- Transparency – Be transparent on why you collect the data, how it is collected, where it is stored, and its use. Based on the context, indicate the authority available to gather and process this information and conditions where it would be made available to other parties
- Data minimisation – Request and obtain only the minimal data required to perform the outcome expected. If the desired result is to generate an email with an attachment, do not ask for the phone number and NIC! The design of information collection must match the intended use of the information
- Restrict access – Restrict the access of PII to only the individuals who need to work with this data. For example, the entire organization should not view contacts in the Customer Relationship Management (CRM) system
- Data security by design – Implement administrative, technical and physical safeguards, which will restrict access and protect your data. While these activities overlap with information security management practices, measures to protect data from unauthorised access, modification, or loss must be in place
- Map data flows – Map the users and activities performed at each processing stage. Verify the model with those in data processing roles on completeness and potential risks. For example, it is pointless if access to the CRM system is highly controlled and secure, but a spreadsheet of the contacts needs to be downloaded and shared with someone else to complete the processing
- Geolocation restrictions – Comply with the regulatory or contractual obligations relating to where the data can be stored and processed. These restrictions are more relevant for FinTech applications where financial data is on the cloud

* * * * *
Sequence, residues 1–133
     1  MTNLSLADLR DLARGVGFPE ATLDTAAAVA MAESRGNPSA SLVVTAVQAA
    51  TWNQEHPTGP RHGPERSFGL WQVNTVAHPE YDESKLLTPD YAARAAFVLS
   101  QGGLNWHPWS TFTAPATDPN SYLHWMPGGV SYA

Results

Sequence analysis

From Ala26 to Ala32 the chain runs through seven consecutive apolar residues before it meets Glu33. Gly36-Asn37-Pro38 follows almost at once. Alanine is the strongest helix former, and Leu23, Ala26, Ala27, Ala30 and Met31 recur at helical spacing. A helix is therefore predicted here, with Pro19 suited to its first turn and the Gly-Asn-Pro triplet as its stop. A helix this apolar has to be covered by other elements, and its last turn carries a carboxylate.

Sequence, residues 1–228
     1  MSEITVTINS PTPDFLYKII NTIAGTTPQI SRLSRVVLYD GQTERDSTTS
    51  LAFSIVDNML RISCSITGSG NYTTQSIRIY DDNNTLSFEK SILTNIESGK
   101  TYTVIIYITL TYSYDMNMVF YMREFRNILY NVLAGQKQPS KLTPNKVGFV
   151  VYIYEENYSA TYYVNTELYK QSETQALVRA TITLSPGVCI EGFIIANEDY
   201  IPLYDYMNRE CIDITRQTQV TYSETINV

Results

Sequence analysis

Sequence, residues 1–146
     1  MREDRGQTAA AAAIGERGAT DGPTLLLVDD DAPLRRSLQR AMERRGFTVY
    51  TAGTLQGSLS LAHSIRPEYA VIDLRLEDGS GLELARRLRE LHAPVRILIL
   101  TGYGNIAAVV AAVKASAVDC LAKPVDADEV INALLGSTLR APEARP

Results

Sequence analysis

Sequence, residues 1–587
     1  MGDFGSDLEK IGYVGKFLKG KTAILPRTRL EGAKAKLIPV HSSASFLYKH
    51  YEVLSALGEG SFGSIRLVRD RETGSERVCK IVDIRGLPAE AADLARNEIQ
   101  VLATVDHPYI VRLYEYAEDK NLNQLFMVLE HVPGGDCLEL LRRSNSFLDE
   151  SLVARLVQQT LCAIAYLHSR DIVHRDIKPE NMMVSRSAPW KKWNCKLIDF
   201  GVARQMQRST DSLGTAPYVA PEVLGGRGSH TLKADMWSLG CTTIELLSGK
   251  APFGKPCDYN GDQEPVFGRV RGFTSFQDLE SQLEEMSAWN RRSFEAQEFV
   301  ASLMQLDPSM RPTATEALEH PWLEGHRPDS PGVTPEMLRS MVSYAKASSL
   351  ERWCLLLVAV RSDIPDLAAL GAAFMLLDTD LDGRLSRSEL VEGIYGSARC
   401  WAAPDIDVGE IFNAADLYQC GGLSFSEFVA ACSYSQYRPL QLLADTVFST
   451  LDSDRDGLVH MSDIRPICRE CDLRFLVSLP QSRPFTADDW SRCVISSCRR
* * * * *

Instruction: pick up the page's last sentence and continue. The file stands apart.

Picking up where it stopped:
Outside of this, the organisation should have a process to deal with a data privacy breach and ensure employees know this process. Training on managing data privacy and information security should be as common as first-aid training and fire drills in companies. When there are data protection and privacy regulations in place, it is essential to inform the authorities of a data privacy breach at the earliest instance.
Facing a data privacy audit
Last August, I faced my first ISO 27701 audit, the certification for privacy information management. While I am not a stranger to audits across ISO standards, information security, or the Capability Management Maturity (CMMI) model, this was different. I had to justify what information we collect about our customers and prospects, the channels through which this data reaches us, how we obtain consent, and how we manage this data throughout our business life cycle. One thing was clear – data privacy matters and must be an area of concern for both individuals and organisations.
[The writer is the Chief Marketing and Corporate Affairs Officer at 99x and spearheads marketing activities while supporting business development and customer success initiatives. He is an accomplished practitioner with over 25 years of experience in the tech industry with complementary roles in program management and corporate consulting. Before joining 99x, he was the Executive Director of SLASSCOM. His industry experience includes banking and financial services and global IT services with Virtusa, Societe Generale (SOCGEN), Nations Trust Bank, and Union Bank of Colombo]